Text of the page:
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Death of John Cooper's widow

Sep 05, 2007 06:36 PM
by gregory

Shirley Cooper, the widow of the eminent Theosophical historian, John
Cooper, died recently.

Historians of Theosophy of this generation and generations to come owe a
debt to her that will inevitably remain largely unknown and unrecognized.

She was the loving support enabling John?s theosophical history research,
and the practical and well-grounded touchstone that kept John?s feet
firmly planted in the real world. After John?s death she meticulously
preserved his library and archives, and with an extraordinary generosity
and concern for future scholarship donated them to the National Library of
Australia, ensuring that they will be preserved and protected, and be
accessible to future generations of researchers.

Shirley dealt with the madness and malevolence of the many Theosophical
extremists who invaded her life with generosity, grace and good humour. In
the period immediately following John?s death, her pain and sadness was
exacerbated by attempts by one Theosophical organization to bully and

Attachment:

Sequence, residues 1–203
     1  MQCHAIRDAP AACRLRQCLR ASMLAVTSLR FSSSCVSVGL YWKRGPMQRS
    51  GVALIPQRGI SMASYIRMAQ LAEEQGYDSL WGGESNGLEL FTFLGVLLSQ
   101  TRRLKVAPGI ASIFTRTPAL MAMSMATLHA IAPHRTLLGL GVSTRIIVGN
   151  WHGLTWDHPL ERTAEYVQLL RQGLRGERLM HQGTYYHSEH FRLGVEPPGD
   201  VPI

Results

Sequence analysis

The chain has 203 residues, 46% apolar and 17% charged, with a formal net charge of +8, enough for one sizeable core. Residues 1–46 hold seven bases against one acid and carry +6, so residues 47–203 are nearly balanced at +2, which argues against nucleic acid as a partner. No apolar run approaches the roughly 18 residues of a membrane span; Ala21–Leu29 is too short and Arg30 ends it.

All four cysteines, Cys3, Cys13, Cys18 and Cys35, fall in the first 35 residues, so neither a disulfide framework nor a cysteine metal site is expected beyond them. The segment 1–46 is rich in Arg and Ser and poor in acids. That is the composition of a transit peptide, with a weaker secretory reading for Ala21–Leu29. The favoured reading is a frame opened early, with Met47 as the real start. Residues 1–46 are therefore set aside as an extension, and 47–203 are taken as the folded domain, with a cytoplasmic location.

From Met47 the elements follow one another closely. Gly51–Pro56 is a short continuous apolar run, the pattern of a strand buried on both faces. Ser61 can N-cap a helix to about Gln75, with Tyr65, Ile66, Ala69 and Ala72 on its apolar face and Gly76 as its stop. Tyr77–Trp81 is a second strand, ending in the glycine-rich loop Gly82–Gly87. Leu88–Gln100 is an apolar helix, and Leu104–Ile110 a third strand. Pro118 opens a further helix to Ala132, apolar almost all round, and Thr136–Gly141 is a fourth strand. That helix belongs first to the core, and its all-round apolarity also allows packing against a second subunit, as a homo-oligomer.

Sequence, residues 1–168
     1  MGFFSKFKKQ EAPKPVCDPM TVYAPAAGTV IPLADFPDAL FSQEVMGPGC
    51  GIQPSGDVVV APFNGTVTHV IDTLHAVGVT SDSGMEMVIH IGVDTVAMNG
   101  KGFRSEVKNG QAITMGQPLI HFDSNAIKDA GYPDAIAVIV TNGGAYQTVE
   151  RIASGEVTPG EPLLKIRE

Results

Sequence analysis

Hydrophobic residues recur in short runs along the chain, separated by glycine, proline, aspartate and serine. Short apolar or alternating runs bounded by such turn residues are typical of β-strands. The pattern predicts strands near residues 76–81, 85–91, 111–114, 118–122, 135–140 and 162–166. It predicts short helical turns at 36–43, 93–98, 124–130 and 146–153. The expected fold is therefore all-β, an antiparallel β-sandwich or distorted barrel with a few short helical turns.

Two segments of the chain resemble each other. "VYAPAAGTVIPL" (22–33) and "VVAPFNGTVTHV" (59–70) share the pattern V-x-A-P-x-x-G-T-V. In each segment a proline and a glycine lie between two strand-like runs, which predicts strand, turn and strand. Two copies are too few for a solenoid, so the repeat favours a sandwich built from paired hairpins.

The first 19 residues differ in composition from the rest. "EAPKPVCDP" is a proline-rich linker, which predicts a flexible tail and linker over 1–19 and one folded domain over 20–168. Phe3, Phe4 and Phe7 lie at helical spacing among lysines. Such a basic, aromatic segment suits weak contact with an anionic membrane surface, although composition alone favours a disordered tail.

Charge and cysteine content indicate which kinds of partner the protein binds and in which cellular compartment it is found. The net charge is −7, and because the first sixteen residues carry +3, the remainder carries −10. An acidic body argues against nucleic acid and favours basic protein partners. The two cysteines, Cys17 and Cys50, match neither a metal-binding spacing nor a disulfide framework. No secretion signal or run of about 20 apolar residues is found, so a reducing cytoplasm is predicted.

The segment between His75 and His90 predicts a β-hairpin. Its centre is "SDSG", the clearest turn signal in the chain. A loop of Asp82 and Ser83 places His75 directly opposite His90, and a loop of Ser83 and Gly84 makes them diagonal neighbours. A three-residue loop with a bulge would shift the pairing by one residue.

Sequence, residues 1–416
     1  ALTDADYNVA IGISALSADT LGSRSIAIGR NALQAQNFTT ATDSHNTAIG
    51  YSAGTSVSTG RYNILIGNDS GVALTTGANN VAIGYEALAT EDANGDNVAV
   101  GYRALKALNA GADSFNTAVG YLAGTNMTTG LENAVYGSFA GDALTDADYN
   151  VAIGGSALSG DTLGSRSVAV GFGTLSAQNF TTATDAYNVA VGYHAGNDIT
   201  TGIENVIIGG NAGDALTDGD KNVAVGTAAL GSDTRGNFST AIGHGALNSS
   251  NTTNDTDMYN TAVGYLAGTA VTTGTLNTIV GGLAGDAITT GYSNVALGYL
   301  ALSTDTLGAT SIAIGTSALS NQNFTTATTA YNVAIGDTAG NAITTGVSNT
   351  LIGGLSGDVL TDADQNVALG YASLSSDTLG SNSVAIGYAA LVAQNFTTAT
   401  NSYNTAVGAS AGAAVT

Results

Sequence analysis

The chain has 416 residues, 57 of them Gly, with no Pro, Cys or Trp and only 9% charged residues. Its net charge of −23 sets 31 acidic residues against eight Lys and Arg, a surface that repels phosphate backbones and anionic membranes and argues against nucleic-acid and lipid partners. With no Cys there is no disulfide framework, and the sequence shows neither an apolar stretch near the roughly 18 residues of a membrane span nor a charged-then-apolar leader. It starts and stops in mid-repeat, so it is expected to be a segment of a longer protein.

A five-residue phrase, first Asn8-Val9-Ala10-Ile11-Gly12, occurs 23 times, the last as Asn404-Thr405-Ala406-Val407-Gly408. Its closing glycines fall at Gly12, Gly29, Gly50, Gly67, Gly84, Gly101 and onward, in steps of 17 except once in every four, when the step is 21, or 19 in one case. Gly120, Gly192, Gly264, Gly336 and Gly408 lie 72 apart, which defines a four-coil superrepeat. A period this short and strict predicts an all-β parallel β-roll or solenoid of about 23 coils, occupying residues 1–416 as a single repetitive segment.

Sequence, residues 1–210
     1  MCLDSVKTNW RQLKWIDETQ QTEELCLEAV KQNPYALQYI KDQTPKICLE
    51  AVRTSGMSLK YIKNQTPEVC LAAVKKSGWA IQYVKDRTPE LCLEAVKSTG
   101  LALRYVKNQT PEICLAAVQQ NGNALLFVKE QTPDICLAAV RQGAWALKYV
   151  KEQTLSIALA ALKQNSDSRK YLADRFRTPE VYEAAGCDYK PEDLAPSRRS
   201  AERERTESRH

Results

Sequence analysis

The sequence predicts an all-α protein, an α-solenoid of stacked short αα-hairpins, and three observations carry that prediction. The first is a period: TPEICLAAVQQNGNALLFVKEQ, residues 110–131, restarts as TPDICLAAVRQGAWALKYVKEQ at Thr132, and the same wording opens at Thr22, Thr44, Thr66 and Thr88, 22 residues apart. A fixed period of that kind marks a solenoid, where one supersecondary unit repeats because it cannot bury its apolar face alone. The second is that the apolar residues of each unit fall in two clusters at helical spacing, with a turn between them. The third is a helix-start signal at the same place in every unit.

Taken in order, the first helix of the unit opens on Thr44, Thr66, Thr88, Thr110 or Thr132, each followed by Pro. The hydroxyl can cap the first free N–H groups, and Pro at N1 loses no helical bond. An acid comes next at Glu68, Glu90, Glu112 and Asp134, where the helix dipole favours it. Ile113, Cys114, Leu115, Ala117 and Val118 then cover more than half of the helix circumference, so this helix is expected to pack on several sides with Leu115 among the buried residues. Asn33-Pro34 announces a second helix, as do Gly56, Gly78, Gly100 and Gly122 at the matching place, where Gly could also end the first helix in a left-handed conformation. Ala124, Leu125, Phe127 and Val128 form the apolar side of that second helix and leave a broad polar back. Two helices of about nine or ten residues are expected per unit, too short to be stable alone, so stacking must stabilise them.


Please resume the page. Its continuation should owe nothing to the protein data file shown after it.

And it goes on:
intimidate her as it sought to misappropriate John?s work on the
correspondence of Madame Blavatsky. One individual, apparently lacking
morals, manhood or basic human decency, particularly harassed her. Yet
Shirley seemed incapable of anger, even in her distress. She was, rather,
saddened that anyone could behave in such a way, and could not understand
why some others, supposedly friends of John, failed to intervene.

Shirley?s unassuming and entirely unpretentious nature often meant that
her inner strength and depth of insight went unrecognized. She was an
accomplished artist in pottery and weaving, an energetic worker in the
community in which she lived, and, after John?s death, a hard-working
farmer. Shirley embodied all the theosophical virtues, while being
disinterested in any theosophical doctrines

Dr Gregory Tillett


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